Safe Routes Successes - Enforcement

Plain City, UT, is a small town of about 5,000 citizens. On June 27, 2006, the Weber County School District passed a bond to build a new elementary school in Plain City.

In summer 2007, Mississippi’s Department of Transportation announced that Petal would receive $213,028 in federal Safe Routes to School funds.

For the past 20 years Safe Kids, a group focused on injury prevention in children, has worked with the Grand Forks school district, in Grand Forks, N.D., to encourage its students to walk and bicycle safely to school.

Rosa Guerrero Elementary is a Title 1 neighborhood school, and 75 percent of the 850 students live within walking distance of the school.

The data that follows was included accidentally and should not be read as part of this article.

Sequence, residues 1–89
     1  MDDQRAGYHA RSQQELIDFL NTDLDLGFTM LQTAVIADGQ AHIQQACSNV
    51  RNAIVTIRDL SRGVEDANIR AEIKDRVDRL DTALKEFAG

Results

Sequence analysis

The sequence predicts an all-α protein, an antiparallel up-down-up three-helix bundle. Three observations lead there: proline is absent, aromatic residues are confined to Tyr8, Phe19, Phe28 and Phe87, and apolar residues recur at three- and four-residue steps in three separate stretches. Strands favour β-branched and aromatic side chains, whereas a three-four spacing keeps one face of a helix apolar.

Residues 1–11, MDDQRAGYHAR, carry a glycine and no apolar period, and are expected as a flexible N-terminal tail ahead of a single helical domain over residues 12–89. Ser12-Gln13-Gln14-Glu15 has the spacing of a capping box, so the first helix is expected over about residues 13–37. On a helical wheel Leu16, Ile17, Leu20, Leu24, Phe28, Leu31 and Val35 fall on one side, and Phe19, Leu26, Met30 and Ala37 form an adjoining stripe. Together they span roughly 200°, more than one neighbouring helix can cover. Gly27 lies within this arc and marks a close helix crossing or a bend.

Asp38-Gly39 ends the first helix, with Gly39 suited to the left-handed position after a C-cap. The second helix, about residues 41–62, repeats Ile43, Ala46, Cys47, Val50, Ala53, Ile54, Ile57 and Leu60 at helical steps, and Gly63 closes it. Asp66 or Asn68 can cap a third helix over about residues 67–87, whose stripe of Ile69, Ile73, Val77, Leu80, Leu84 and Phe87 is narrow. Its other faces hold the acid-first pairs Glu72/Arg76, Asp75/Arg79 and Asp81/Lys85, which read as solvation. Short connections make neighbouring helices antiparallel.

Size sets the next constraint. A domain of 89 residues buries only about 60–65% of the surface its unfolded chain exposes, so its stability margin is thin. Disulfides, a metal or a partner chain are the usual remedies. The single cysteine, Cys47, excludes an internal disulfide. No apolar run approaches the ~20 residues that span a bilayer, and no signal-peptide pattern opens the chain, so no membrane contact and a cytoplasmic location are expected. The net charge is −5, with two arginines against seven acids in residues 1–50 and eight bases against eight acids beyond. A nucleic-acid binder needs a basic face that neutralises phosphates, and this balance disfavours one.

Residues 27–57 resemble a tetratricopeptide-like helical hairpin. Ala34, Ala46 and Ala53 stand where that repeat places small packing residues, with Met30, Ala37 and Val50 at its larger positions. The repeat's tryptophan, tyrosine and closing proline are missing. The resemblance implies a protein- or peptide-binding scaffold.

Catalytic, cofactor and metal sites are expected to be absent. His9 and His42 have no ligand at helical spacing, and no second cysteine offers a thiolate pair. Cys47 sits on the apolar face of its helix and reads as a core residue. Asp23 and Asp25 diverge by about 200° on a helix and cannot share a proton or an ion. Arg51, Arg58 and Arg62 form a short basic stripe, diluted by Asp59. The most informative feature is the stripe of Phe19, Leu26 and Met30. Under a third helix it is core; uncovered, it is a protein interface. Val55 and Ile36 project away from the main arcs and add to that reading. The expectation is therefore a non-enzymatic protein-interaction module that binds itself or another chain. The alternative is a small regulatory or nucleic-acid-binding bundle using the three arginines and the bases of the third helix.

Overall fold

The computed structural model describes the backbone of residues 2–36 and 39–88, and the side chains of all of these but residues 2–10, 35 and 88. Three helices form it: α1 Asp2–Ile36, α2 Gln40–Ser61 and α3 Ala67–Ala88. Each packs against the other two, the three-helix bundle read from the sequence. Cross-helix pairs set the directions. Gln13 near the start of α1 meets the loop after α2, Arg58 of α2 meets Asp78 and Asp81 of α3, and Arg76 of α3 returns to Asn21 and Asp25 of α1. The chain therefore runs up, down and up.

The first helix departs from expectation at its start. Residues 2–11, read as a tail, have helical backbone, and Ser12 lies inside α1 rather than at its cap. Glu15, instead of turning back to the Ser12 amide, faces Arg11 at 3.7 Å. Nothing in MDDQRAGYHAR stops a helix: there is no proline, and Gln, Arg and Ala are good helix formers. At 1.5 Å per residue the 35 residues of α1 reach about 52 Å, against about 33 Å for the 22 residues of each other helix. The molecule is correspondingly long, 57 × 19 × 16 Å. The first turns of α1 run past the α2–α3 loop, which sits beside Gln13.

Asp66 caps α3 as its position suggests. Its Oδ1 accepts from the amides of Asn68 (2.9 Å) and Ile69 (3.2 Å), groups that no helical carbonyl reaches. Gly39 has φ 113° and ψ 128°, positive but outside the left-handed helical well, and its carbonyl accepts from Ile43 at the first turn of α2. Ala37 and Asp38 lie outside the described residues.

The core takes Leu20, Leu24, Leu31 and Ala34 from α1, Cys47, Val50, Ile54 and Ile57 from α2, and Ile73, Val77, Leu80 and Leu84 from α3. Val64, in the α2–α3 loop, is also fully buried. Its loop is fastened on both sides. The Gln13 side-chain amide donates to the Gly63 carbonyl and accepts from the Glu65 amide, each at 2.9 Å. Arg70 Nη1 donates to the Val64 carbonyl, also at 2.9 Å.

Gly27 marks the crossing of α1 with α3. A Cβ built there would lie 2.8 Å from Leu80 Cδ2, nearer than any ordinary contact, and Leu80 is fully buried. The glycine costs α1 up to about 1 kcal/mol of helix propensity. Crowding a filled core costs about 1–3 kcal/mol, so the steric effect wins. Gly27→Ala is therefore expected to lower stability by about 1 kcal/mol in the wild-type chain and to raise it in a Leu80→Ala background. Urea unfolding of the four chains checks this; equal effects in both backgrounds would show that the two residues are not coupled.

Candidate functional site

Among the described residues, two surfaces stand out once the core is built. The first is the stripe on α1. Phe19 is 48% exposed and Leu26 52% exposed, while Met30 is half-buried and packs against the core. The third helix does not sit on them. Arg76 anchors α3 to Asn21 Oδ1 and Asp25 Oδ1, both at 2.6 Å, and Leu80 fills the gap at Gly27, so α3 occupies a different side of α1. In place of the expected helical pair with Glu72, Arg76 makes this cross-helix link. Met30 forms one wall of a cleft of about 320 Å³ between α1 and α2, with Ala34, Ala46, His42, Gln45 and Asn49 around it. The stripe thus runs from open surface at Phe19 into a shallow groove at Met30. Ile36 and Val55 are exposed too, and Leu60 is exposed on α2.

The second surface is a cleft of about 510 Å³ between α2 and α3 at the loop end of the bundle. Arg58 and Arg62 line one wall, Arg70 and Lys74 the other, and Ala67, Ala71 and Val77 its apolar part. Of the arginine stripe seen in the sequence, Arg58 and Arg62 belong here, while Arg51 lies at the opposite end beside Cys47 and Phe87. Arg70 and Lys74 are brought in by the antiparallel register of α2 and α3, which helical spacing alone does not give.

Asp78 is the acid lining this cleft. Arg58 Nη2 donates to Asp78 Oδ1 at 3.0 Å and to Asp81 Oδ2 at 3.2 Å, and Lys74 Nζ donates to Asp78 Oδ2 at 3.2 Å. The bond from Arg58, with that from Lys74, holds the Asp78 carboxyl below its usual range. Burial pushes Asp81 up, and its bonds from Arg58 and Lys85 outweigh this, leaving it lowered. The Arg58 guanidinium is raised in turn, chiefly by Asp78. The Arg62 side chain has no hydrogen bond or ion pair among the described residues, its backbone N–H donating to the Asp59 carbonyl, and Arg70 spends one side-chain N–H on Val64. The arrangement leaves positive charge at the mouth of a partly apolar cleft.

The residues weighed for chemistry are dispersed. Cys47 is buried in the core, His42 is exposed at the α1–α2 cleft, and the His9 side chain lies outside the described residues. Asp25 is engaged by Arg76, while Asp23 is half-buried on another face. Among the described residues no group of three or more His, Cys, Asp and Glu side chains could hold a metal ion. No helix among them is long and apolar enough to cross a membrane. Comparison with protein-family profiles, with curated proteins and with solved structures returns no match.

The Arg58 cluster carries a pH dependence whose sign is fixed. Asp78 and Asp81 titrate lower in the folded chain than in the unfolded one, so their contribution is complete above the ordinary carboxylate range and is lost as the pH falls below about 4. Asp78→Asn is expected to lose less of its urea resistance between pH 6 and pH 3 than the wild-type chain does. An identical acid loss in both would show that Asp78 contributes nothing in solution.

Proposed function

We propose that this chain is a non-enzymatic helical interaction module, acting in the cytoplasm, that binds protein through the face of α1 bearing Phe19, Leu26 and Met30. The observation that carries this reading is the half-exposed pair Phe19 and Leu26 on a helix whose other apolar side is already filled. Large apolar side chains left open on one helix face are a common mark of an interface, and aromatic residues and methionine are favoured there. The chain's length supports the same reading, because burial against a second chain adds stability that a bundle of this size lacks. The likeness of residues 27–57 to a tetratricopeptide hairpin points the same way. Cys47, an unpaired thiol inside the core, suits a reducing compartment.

Hillside students walk to downtown Allegan because it serves as a classroom for them to practice life skills.

In 2002, a federal judge ended a 25-year-old program of cross-town busing in Dayton, OH. As a result, pedestrian and bicycle safety has become one of the most critical issues facing the city.

Pierre, S.D., is a rural town with approximately 13,000 residents. One of its local elementary schools, Jefferson Elementary School, has more than 400 students in kindergarten through fifth grade.

The Garfield Safe Routes to School (SRTS) program targets two neighborhood schools, Woodrow Wilson #5 and Roosevelt #7.

Safe Routes Nebraska is the Nebraska Department of Roads’ state-level implementation of the federal Safe Routes to School (SRTS) program.